Missouri: Transfer of Public Lands Champion


“[T]he federal government…became the monopolizer of vacant lands of the West: and this monopoly, like all monopolies, resulted in hardships to those upon whom it acted.”

Which famous U.S. senator successfully made this argument to compel the federal government to transfer title to the vast stretches of federally controlled land in the west? Republican Senator Mike Lee of Utah whose state is 65% percent federally controlled? Or, maybe Republican Senator John McCain of Arizona whose state is nearly 50% federally controlled? Maybe it’s a trick question. Could it be Republican Senator Ted Cruz of Texas whose state has about 1% federally controlled land? Give up?

It’s Democratic Senator Thomas Hart Benton of Missouri whose state at the time was 90% federally controlled for decades. You may be thinking, “Benton is not a famous U.S. senator.”  Well, tell that to John F. Kennedy who included Thomas Hart Benton as one of eight prominent U.S. senators in his best-selling, Pulitzer Prize-winning book Profiles in Courage. Or, consider that Teddy Roosevelt wrote a 372-page biography of Thomas Hart Benton.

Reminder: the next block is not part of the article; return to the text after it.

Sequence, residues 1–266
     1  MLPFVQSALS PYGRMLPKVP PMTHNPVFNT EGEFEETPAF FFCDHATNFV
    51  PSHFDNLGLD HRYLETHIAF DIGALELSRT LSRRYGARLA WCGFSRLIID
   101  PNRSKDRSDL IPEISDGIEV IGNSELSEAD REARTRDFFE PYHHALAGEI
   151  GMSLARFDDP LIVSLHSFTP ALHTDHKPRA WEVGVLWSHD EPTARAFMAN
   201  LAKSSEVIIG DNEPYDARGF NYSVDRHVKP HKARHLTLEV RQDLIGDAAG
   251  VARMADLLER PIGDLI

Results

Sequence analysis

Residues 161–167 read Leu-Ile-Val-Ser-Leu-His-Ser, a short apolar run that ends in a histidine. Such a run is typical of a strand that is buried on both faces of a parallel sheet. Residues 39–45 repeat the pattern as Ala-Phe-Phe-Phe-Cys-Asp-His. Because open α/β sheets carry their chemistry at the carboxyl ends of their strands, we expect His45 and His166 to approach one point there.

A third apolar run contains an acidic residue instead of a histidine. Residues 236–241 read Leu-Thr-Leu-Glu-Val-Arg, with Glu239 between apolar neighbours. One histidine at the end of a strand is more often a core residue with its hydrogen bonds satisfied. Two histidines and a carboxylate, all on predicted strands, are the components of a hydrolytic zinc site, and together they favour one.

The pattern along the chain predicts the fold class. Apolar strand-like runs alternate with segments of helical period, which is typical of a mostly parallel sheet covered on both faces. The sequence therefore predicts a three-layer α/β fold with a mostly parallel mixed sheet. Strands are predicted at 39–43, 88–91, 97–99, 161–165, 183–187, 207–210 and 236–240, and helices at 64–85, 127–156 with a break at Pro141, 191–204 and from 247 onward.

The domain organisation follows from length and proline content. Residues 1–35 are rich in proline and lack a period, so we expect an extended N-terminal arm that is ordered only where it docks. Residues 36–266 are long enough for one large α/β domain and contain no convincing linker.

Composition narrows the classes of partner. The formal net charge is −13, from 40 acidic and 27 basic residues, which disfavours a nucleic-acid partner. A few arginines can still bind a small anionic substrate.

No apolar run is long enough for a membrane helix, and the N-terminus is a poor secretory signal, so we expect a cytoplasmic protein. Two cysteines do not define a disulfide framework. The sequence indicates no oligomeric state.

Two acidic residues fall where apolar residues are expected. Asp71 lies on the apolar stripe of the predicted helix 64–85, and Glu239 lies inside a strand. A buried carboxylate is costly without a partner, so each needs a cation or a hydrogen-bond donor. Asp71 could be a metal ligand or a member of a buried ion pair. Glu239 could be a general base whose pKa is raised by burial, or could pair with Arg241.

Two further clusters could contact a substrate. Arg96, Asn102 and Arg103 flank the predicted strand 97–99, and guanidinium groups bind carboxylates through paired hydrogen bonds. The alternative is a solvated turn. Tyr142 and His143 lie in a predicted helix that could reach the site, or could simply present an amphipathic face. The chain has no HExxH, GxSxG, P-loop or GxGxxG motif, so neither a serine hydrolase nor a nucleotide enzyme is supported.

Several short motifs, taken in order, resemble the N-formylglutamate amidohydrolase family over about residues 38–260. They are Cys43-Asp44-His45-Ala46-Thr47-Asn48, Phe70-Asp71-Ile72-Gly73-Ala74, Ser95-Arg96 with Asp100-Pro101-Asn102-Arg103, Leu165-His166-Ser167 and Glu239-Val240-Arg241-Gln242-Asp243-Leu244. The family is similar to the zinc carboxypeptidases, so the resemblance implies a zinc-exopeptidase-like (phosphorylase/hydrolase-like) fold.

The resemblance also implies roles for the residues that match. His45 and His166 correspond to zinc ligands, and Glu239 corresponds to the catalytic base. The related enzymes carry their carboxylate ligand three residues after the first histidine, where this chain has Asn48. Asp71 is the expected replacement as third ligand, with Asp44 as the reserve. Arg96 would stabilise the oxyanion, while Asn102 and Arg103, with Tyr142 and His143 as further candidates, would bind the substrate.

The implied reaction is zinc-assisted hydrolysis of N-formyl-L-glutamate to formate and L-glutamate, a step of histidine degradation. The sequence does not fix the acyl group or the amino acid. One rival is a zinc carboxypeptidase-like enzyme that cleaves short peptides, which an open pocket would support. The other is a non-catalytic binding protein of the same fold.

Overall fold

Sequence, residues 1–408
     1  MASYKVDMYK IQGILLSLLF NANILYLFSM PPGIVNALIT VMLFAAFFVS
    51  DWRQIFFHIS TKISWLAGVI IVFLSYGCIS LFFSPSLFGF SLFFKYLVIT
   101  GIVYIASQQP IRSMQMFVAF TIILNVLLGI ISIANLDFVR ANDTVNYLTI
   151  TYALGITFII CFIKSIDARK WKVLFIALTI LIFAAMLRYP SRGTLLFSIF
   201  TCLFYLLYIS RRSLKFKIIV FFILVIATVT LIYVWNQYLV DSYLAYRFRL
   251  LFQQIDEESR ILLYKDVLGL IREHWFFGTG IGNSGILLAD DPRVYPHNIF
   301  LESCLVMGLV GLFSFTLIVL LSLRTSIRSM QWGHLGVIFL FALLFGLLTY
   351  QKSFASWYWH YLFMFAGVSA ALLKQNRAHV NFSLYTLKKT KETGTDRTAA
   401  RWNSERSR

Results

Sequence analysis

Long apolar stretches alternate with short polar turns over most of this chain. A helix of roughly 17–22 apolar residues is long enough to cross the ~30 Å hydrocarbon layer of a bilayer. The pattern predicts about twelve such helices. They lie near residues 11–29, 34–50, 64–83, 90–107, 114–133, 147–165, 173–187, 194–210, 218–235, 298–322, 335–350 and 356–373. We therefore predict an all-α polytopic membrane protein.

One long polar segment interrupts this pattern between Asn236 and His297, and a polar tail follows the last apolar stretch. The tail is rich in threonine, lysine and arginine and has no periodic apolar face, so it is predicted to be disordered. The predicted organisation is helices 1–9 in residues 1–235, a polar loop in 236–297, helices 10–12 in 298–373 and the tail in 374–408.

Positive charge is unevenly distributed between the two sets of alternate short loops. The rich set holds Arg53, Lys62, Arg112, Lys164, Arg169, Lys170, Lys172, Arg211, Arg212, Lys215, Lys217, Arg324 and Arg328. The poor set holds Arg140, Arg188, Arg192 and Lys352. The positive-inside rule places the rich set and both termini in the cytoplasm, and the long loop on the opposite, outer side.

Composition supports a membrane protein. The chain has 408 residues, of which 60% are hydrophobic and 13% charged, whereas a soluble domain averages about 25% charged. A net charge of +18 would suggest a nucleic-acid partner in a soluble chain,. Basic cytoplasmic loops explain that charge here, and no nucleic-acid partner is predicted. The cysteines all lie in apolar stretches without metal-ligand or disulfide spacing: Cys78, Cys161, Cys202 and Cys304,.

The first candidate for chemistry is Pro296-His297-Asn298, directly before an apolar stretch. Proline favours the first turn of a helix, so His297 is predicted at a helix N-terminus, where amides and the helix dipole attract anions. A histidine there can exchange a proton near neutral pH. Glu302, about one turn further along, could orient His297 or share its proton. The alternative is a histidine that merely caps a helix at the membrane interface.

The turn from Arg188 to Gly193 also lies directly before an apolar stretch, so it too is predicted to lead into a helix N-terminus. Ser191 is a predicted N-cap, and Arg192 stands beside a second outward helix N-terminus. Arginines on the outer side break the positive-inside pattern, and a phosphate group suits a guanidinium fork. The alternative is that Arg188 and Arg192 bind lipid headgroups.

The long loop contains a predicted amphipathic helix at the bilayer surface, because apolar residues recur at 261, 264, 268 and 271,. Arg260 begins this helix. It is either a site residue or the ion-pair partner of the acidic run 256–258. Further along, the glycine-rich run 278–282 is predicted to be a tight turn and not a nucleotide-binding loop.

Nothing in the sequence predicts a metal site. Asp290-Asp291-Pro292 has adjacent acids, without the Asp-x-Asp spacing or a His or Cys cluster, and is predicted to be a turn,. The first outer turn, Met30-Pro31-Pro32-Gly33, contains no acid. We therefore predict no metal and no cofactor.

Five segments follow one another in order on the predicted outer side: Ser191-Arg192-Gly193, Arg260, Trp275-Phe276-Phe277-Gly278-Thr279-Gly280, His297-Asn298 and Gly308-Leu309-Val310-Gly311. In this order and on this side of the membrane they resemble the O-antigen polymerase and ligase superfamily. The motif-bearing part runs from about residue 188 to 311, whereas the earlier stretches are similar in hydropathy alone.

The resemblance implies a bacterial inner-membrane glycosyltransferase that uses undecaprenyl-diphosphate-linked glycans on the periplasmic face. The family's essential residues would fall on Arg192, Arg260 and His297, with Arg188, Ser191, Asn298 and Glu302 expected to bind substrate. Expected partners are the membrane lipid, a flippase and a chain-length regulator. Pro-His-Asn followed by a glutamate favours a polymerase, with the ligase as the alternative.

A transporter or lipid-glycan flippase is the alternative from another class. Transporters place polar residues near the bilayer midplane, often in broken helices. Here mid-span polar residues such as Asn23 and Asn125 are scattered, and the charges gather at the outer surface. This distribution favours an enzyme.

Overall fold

“Who is this guy?” you’re probably asking; but Thomas Hart Benton is no ordinary “guy.” He fought a 30-year battle to compel Congress to transfer the 90% of his state’s lands that were under the control of the federal government – and won!  Of his battle, Benton recounted, “…my election to the Senate of the United States … found me doing battle for an ameliorated system of disposing of our public lands; and with some success. I resolved to move against the whole system … I did so in a bill, renewed annually for a long time; and in speeches which had more effect upon the public mind than upon the federal legislation…”